If you are looking for restoration guides, Porter’s 1st edition was the earliest serious attempt but had a lot of mistakes, 2nd edition fewer, 3rd edition getting closer. Schmid has a few mistakes. Viart has more, but his pictures are really good. Even the factory Spare Parts Catalogue has quite a few, I think 62 last time I counted.
The difficulty with the 120 is there were so many changes throughout the production run, some well recorded by the factory, some poorly or incorrectly, some not at all. Many cars received modifications at the factory, or dealers, or speed shops, or local garages. The interest in and pursuit of original authenticity only began to gain momentum in the 90s with Porter. Completely untouched unrestored original cars are rare, and each only represents a brief period glimpse out of the six years production.
Another that wasn’t mentioned is Jaguar XK120 in Detail by AD Clausager, some production records including colors and shipping to dealers, and a lot of interesting history.
The JCNA Judging Guide benefits from one aspect neglected by the others, a principle particularly recognized in scientific research, that is peer review and revision before publication. I was on the review panel. It is not intended as a bolt & nut restoration guide, it is for judging the visible things, such as which cars should have chrome sidelights vs which cars had painted pods, which cars had black engine and luggage compartments vs body color, which had glass brake fluid reservoir vs steel, how to recognize an original color scheme and upholstery pattern vs a California custom job, even variations in the brass data plate and errors in reproductions and restampings.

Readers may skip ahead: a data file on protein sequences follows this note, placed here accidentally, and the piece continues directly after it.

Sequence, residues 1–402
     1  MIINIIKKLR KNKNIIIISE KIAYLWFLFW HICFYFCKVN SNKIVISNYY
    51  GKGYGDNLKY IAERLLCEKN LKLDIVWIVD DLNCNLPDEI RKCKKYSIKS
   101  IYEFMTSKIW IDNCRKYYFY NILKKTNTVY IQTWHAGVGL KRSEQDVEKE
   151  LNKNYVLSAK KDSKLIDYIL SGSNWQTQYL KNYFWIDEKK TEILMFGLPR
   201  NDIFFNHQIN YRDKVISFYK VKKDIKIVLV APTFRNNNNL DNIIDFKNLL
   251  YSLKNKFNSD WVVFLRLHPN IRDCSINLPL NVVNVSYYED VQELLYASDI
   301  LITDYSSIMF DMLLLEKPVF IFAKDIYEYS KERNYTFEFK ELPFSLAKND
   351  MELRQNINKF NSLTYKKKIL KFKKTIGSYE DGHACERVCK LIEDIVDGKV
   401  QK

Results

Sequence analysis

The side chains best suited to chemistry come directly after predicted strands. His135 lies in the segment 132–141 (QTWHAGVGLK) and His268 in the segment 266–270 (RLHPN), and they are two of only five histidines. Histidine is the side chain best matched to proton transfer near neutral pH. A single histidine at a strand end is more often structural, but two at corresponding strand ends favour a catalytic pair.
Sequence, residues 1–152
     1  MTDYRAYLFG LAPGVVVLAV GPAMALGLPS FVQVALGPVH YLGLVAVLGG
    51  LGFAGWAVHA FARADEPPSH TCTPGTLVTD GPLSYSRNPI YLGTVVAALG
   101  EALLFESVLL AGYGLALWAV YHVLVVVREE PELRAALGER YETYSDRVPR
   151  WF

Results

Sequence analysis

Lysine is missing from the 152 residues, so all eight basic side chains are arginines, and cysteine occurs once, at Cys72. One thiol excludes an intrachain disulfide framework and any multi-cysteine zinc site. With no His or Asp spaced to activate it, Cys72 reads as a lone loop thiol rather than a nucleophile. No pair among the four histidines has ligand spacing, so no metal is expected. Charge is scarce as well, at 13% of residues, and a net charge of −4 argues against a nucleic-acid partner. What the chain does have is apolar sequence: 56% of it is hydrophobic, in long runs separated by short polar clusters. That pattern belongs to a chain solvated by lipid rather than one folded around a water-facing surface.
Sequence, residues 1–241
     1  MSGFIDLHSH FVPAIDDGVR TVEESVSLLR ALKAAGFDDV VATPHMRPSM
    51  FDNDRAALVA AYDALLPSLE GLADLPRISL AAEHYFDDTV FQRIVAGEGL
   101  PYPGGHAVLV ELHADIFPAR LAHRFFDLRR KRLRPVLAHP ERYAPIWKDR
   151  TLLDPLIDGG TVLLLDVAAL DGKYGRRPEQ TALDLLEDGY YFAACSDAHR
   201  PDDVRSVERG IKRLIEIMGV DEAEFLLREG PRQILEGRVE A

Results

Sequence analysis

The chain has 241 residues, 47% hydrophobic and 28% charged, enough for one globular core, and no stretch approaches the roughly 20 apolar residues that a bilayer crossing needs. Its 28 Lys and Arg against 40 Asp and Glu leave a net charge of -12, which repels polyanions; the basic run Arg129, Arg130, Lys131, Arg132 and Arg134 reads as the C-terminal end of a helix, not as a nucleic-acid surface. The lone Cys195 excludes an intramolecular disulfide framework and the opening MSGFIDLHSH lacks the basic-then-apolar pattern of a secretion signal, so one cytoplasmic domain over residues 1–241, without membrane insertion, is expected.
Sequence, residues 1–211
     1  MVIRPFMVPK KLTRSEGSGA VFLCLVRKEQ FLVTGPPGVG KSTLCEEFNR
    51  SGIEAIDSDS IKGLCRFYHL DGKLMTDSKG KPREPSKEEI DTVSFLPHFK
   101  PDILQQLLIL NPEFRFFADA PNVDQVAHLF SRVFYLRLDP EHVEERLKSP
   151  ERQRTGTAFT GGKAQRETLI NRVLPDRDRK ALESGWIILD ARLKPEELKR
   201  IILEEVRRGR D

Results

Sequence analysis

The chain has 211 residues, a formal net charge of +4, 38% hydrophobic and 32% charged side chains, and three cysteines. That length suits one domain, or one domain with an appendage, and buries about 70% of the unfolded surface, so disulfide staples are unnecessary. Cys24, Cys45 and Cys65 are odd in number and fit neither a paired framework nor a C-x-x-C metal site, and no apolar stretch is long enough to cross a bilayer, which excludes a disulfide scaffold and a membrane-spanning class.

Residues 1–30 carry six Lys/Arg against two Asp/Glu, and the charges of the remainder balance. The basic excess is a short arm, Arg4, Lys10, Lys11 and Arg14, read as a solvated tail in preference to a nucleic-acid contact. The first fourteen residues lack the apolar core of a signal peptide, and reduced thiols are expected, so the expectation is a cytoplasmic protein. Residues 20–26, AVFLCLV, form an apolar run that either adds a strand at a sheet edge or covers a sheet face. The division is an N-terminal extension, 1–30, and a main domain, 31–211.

Going back a few decades and covering more history and less about restoration, there is Jaguar XK by Chris Harvey, Jaguar XK Series by Jeremy Boyce, Jaguar XKs by Paul Skilleter.
Before the internet, it was often very difficult to find answers to the simplest things. I looked for 2 years to find an example of the early gearbox mounting shelf, 10 years to find the explanation of the junction box on my scuttle, 20 years to find a correct map drawer to copy (mine is the 2nd of 3 versions). One of the features of this forum from the beginning is that it has always been about accurate information. What you do with the information is entirely up to you.
Of course this level of detailed research isn’t everybody’s cup of tea.
Some people say just drive it and have fun with it, as the original owners did.
My brother the Porsche 928 owner looks at my book collection, shakes his head sadly and says, “You are turning into Corvette people, and the 356 people are closing in on you.”